IFA president Steve Caldeira released a statement following the ruling, saying “The Board’s tortured analysis will undoubtedly be met with skepticism and will be rejected by local franchise owners, legislators and, ultimately, the courts. IFA and its allies are asking Congress to intervene to halt these out-of-control, unelected Washington bureaucrats to preserve the established joint employer standard.”
In legal-ease, the word “employer” just gained a much broader meaning according to the National Labor Relations Board (NLRB). Fresh off of a controversial D.C. Circuit appeals court ruling that gave the Labor Department the right to mandate minimum wage and overtime protections to millions of domestic care workers, the Board ruled in favor of more protections for nontraditional workers. Last week, the NLRB itself was involved in a controversial ruling, dismissing the petition to unionize by the Northwestern University football team, claiming lack of jurisdiction in the matter. The NLRB, however, did find it within its scope to grant increased bargaining power to employees of staffing services, franchisees, and employees of other nontraditional labor subcontractors. Voting 3-2 on a party line basis, the three Democrats broadened the definition of a “joint employer” relationship, which essentially removes a layer of separation between the company paying for the worker and the employee doing the work. The board cited “dramatic growth in contingent employment relationships” that “potentially undermines the core protections of the act for the employees impacted by these economic changes.”
The ruling revolves around a case involving several hundred sorters and other blue-collar employees working at a recycling center and landfill owned by Republic Services in the Silicon-Valley city of Milpitas. The workers were actually employees of the staffing agency Leadpoint. The Teamsters wanted to unionize the workers alongside 60 Republic employees at the facility, citing them as a joint employer. For its part, Republic argued that it had no authority over the Leadpoint employees. In the split ruling, the NLRB decided that Republic indeed had enough influence over the “wages and working conditions” to be considered a co-employer. In a statement released following the ruling, the Board acknowledged that it has been late to adapt to changes in the modern workforce, writing “With more than 2.87 million of the nation’s workers employed through temporary agencies in August 2014, the Board held that its previous joint employer standard has failed to keep pace with changes in the workplace and economic circumstances.”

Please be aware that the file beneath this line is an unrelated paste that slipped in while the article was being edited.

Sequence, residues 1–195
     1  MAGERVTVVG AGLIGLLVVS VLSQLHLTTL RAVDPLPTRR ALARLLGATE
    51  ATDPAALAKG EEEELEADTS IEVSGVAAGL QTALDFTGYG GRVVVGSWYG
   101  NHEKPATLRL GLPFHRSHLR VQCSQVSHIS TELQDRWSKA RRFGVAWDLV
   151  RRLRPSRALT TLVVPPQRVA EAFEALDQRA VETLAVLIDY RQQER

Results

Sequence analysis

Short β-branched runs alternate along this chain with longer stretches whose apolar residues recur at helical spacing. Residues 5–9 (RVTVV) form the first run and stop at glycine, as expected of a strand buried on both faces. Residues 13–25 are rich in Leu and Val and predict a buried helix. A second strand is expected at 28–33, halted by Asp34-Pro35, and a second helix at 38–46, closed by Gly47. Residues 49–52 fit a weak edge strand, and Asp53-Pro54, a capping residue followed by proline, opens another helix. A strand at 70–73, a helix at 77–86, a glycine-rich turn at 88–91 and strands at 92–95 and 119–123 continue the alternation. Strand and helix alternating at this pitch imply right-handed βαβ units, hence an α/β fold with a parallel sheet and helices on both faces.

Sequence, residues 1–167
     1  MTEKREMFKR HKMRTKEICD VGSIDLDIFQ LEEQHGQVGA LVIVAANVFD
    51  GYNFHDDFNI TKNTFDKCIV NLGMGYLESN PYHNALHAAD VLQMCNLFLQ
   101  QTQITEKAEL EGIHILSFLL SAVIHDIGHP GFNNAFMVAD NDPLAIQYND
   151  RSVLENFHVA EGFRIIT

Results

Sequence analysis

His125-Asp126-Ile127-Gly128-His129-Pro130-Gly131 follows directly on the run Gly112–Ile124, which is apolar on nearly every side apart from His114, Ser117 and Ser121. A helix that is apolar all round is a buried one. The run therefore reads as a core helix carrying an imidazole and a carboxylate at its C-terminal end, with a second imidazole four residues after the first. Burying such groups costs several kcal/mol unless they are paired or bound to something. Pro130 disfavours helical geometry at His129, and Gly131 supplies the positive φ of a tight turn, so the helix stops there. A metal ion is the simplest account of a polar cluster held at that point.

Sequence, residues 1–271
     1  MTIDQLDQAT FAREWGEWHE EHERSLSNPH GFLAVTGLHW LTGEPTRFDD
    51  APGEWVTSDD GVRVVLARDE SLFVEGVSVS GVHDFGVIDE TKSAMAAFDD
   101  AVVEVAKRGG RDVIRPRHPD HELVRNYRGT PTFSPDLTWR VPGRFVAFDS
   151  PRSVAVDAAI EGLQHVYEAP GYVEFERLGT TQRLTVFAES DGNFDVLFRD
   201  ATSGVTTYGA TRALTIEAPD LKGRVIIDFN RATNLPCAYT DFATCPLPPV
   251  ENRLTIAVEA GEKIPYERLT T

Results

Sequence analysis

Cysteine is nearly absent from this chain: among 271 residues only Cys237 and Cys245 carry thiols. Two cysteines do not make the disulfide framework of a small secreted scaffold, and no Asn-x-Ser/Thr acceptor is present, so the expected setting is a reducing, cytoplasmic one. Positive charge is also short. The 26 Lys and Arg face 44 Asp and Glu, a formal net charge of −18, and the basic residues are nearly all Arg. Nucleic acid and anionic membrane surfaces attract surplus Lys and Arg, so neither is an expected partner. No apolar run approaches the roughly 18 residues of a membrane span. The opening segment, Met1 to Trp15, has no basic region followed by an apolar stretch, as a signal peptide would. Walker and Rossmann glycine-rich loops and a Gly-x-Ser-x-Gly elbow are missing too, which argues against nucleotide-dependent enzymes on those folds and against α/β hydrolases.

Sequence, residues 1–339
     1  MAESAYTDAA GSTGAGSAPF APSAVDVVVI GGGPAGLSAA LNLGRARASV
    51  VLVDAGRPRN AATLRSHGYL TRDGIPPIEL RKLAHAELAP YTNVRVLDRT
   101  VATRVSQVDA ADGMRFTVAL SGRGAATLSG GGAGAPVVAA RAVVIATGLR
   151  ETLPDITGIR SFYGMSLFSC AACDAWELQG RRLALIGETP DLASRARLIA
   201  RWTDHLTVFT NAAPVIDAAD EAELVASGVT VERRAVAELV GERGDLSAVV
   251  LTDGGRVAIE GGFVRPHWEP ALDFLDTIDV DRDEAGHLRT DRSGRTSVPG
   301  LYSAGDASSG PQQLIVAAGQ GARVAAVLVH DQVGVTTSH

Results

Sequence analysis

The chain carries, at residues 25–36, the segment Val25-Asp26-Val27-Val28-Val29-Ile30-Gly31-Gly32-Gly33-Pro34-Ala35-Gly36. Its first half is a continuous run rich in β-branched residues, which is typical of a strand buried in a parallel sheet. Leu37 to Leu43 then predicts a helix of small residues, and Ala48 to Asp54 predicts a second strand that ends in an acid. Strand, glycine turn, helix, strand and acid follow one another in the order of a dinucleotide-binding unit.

In addition to the partisan nature of the ruling, the case brought a great deal of advocacy from leading business and labor groups. Larry Daugherty, the leader of the local Teamsters union responded to the ruling, saying “We are pleased with this decision, which will provide justice to workers who have been fighting for fairness in the workplace for a long time.” Beth Melito of the National Federation of Independent Business believes that the ruling could change the entire workforce, saying “If this decision stands, the economic rationale for hiring a subcontractor vanishes.” The International Franchise Association (IFA) has also lobbied heavily against a broader definition of employer, organizing public hearings and releasing advertisements to illustrate their argument. IFA president Steve Caldeira released a statement following the ruling, saying “The Board’s tortured analysis will undoubtedly be met with skepticism and will be rejected by local franchise owners, legislators and, ultimately, the courts. IFA and its allies are asking Congress to intervene to halt these out-of-control, unelected Washington bureaucrats to preserve the established joint employer standard.”
Republicans in Congress have already responded to the plea, issuing a rider inside of budget legislation that prevents the joint employer standard from taking effect. House Education and the Workforce Committee Chairman John Kline (R-MN) vowed to “roll back” the NLRB ruling, and Senate Health Education Labor and Pensions committee chairman Lamar Alexander (R-TN) also said he would introduce legislation to “invalidate” the decision. Republic Services will also likely appeal the case to either the 9th Circuit or the D.C. Circuit Court. The NLRB is facing a slew of cases in the fall regarding McDonald’s franchisees and employees, and the federal court system has faced several cases involving Uber and FedEx contractors in recent years. The ruling also comes after key Labor Department rulings about the classifications of independent contractors, and the Occupational Health and Safety Administration has reevaluated the liability of employers of subcontractors regarding safety issues. Due to these measures, it is likely the issue will continue to be fought over for several years to come.
Los Angeles Times – Michael Hiltzik
Wall Street Journal – Melanie Trottman
Washington Post – Lydia DePillis